NCG (formerly Newcastle College Group) is the first FE institution in the country to be authorised to develop and award its own honours and masters degrees.
The move was hailed as a “landmark development for the sector” by NCG chief executive Joe Docherty.
While a number of FE colleges can currently award foundation degrees, which are equivalent of two thirds of a full honours degree, FE providers have previously had to have their degrees developed, validated and awarded in partnership with an established university.
NCG is the first college to which the Privy Council has granted taught-degree awarding powers — allowing it to run its provision without any partner university.
Martin Doel, the Association of Colleges’ chief executive, described the move as a “big step forward in demonstrating the quality of higher education provision delivered in the sector”.
He said: “We predict that more colleges will follow the example set by NCG in the next few years and provide a distinctive higher education service that meets the needs of local employers and communities.”
NCG’s network of colleges and training providers includes Newcastle College, West Lancashire College, and Kidderminster College, and already offers more than 85 foundation degrees.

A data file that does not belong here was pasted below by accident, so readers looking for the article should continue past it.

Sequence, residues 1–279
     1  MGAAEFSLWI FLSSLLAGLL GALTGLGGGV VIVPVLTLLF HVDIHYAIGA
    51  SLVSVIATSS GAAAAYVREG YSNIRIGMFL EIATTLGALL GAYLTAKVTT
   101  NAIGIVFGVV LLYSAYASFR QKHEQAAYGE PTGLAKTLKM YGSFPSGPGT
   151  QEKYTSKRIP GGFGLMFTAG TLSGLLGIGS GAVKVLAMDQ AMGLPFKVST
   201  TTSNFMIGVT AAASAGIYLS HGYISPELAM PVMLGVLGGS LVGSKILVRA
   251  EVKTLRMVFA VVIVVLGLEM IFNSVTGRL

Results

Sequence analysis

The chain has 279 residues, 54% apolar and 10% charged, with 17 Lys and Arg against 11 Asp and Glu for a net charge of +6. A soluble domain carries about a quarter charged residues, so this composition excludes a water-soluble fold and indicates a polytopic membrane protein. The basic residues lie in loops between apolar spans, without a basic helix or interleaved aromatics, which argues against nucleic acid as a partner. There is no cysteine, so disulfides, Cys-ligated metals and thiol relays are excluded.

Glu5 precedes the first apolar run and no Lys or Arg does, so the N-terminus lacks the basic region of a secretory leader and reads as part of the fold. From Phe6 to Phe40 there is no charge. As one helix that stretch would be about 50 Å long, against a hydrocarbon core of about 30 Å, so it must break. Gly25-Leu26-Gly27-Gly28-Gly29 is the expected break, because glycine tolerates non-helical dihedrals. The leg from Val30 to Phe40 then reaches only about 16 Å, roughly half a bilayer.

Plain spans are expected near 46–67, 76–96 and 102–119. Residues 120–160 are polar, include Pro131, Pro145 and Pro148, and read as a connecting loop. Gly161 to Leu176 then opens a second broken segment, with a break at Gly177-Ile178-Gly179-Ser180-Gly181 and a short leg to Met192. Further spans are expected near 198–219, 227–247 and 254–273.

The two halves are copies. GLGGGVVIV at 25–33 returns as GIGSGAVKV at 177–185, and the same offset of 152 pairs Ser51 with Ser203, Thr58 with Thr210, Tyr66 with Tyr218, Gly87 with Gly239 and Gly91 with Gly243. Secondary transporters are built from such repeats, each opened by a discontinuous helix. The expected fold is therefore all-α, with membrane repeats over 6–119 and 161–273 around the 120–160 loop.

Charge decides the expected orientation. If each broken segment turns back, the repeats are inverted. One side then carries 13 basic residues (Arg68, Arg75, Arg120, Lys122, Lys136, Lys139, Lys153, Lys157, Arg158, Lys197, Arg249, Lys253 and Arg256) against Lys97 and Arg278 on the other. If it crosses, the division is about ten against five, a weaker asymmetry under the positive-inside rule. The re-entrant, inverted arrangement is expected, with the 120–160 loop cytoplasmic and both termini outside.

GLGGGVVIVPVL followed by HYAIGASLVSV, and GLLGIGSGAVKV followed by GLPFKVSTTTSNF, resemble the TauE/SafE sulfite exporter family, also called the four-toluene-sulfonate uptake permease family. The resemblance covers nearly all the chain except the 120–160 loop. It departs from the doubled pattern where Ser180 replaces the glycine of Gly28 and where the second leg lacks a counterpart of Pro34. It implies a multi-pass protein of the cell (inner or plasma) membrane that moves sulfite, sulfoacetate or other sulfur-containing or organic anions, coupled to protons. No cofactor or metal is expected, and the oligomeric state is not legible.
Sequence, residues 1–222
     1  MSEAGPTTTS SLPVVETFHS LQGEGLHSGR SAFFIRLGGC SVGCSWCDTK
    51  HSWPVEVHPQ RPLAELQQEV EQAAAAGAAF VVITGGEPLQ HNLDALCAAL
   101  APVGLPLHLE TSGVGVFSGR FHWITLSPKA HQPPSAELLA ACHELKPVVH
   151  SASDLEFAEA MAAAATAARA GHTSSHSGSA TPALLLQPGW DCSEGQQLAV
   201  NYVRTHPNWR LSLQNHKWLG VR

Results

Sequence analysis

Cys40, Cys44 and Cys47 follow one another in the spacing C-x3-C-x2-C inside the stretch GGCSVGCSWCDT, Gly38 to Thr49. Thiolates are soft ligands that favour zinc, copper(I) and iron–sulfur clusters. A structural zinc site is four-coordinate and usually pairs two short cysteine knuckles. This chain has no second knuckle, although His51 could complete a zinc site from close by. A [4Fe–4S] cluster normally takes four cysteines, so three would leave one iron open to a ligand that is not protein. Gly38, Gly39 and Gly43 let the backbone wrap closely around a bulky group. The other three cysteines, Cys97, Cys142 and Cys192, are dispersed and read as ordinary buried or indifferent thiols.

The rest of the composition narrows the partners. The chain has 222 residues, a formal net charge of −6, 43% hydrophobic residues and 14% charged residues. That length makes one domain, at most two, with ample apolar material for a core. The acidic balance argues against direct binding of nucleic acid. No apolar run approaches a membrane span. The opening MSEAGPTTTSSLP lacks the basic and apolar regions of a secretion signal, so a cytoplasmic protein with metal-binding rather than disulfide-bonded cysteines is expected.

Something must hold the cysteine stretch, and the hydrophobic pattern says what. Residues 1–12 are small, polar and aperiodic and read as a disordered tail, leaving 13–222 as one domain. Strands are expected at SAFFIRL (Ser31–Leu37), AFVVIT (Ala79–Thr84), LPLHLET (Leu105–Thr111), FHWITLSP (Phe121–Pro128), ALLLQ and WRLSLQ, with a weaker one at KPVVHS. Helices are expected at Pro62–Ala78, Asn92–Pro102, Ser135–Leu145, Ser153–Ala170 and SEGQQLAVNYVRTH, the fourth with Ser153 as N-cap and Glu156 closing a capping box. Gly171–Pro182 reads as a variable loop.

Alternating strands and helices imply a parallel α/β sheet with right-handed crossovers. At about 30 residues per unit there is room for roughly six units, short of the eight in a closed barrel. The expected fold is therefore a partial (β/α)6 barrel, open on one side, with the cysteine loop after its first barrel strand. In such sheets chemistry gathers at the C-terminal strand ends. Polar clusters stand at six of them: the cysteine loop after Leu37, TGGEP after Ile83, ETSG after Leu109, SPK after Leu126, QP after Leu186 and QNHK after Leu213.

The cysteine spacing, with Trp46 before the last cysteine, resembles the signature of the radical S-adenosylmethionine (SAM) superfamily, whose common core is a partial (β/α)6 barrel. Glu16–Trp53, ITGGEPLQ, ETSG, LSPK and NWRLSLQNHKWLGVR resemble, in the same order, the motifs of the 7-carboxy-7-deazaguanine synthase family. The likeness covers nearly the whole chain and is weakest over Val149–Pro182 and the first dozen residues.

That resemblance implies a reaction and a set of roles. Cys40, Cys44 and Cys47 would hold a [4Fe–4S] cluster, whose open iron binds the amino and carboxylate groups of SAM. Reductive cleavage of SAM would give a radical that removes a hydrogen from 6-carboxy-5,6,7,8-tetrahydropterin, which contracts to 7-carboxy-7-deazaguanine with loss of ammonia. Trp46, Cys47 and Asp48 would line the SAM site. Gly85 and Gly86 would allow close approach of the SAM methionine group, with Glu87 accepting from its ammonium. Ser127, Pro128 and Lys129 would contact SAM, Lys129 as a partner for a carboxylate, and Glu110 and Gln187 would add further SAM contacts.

The college received £2.3m from the Higher Education Funding Council for England for 2016/17, more than some universities, including the University of Winchester, which received £2.1m.
Mr Docherty said: “We look forward to seeing other colleges following this path and would be happy to share our experiences with others in the sector.”
Hartpury College in Gloucester, which received £1.4m from HEFCE for 2016/17, told FE Week that it was “already on the journey towards achieving” its own taught-degree awarding powers.
Rosie Scott-Ward, the college’s vice-principal for higher education, told FE Week: “We’re currently in the scrutiny part of this process, with the aim of being able to develop and award our own honours and masters degrees in future.
“As the national leaders in our specialist subject areas of equine, sport, agriculture, veterinary nursing and animal science, and with numbers of higher education students at Hartpury at an all-time high, it was the next natural step to apply for full taught degree awarding powers.
“We’re confident we’re outperforming many established universities and that our students would be proud to be awarded a Hartpury degree.”
Bradford College, which received £1,685,361 of funding from the HEFCE, also told FE Week that it intends to apply for full taught-degree awarding powers.
The Department for Business, Innovation and Skills is soon due to report the outcome of its consultation into maintenance loans for learners in FE.
The consultation, which closed on June 16, investigated the introduction of loans for FE learners aged 19 and above at higher levels (four to six).
Universities and science minister Jo Johnson hailed the move as a “significant step forward for NCG”.
He said it “opens up more opportunities for young people in the local community to enjoy the benefits that higher education can bring”.
A spokesperson for the Privy Council told FE Week: “I can confirm that the Privy Council approved an order granting NCG taught degree awarding powers on June 21, on the recommendation of BIS.”